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what happens to the motion of electrons in the their respective orbits when a substance is cooled down to zero kelvin? assuming they stop moving then are they gonna stick to the nucleus? if yes what happens when it's brought back to ordinary temperature, will it still be stuck? what about the entropy in the whole process?

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  • $\begingroup$ Electrons don't have classical orbits. Classical trajectories don't make sense when the effects of Heisenberg's uncertainty principle are significant. $\endgroup$ – PM 2Ring May 5 at 22:03
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In the case of conductors, the zero temperature state is the ground state of the electronic system. The electrons still move and the energy of this state is the Fermi energy. In any case, electrons certainly do not stop moving. Sticking to the nucleus would imply that matter is unstable at low temperatures, which is not the situation when you cool down substances to that level.

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In a world described by Classical Physics, temperature would always be proportional to kinetic energy. Therefore, $T=0$ would correspond to a state with no kinetic energy, which in turn would imply all velocities equal to zero , i.e. no movement.

However, world is not always well described by Classical Physics and the most fundamental description we have is Quantum Mechanics (QM).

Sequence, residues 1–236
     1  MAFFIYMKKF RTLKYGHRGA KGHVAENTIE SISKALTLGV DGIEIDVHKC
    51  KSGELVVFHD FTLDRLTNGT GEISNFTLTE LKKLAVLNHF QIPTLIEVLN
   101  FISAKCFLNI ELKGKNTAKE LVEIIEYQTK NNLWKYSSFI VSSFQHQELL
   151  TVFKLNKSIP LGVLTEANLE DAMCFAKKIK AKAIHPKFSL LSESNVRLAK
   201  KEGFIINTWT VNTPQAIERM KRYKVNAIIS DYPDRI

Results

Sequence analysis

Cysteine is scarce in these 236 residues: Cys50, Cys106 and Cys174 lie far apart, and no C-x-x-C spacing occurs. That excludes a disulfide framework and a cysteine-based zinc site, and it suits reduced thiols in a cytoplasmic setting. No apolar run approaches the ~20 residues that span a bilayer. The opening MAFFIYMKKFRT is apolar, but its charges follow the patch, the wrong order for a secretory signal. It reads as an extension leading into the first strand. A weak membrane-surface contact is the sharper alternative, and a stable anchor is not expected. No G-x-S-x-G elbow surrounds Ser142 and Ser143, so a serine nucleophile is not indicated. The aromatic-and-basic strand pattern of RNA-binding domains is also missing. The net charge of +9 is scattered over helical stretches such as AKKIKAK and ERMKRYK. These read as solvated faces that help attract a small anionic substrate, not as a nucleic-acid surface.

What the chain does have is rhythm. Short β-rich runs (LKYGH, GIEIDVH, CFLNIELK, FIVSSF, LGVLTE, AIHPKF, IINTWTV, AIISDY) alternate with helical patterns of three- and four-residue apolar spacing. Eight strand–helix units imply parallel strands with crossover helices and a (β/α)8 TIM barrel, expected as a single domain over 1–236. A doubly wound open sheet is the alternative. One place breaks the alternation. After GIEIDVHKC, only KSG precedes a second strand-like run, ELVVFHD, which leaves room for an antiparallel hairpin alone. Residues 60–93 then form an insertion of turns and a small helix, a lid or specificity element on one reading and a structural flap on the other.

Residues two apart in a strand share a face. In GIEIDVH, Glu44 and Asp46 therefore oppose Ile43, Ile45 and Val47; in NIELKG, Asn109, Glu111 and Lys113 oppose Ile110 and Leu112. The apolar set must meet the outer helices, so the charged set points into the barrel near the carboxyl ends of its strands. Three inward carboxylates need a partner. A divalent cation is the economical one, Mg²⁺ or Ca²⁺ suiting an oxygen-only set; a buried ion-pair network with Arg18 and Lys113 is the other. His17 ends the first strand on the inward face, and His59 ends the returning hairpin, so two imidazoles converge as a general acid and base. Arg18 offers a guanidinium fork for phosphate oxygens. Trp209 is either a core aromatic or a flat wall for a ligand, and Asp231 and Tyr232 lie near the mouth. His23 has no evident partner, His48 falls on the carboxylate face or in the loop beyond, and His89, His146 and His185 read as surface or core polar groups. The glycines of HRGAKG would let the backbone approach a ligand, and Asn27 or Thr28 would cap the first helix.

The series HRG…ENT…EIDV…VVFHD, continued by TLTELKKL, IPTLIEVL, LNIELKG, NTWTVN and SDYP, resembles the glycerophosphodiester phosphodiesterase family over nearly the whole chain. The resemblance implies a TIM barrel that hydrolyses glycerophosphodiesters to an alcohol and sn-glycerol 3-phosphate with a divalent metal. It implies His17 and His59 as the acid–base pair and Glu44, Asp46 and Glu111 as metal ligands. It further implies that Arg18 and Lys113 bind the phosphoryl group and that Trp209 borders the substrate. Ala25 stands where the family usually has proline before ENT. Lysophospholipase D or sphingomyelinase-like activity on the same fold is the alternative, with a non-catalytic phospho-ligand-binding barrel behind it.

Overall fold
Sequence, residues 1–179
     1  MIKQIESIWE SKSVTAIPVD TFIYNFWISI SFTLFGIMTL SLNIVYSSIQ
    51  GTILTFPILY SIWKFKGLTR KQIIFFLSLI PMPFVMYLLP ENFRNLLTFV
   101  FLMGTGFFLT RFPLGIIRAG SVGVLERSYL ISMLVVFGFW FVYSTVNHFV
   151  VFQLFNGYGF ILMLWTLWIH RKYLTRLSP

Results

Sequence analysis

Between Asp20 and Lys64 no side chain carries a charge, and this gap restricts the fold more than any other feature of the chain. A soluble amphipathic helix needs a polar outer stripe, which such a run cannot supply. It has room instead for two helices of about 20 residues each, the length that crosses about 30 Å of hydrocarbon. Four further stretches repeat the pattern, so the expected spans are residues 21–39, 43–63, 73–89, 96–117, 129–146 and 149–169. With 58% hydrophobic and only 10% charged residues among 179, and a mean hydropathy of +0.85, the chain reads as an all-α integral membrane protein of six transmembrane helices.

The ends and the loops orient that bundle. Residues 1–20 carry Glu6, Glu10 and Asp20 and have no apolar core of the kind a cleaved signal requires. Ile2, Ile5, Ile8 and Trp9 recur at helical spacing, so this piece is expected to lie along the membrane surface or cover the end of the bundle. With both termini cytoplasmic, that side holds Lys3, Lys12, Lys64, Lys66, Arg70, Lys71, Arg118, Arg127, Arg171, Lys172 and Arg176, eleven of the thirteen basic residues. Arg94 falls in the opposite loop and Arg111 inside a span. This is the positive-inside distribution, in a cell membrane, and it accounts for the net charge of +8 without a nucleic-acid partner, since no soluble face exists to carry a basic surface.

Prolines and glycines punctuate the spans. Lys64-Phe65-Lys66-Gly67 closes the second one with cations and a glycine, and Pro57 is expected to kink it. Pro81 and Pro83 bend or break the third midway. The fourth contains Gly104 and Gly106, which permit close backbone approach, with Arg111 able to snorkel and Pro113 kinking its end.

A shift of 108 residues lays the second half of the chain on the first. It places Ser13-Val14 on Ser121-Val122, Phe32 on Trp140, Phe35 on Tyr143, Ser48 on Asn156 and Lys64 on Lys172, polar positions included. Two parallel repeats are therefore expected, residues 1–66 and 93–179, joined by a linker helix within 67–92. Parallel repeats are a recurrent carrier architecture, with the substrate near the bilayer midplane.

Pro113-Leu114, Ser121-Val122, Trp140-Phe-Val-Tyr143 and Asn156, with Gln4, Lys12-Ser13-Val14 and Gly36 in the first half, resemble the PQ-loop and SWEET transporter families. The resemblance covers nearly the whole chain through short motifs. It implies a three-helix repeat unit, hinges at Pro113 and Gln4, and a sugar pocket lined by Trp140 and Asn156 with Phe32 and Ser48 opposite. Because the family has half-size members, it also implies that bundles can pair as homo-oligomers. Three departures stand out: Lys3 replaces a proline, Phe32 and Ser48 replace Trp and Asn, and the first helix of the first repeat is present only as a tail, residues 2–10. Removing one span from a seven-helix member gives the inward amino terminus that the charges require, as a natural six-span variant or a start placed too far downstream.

QM breaks the argument for no movement at $T=0$ in correspondence of two conceptual points:

  1. movement in the sense of change of observations with time is still there. But it cannot be described by using the concept of trajectory as in Classical Physics. The classical definitions of velocity and orbit break down completely and have to be abandoned. Momentum remains a key ingredient in QM but it should be looked as a quantity independent on the classical definition in term of velocity. So, it is possible to keep the concept of kinetic energy, even without trajectories and velocities. It turns out that the minimum allowed energy, which for a classical system would correspond to the global minimum of the potential energy and zero kinetic energy, in QM corresponds to a non-zero kinetic energy (the so called zero-point energy.
  2. The classical relation between kinetic energy and temperature (equipartition theorem) breaks for quantum systems. It is still possible to introduce the thermodynamic definition of temperature ( $T=\frac{\partial{U}}{\partial{S}}$ ) but in this case $T=0$ does not imply zero kinetic energy.

And this is valid for every system (not only conductors).

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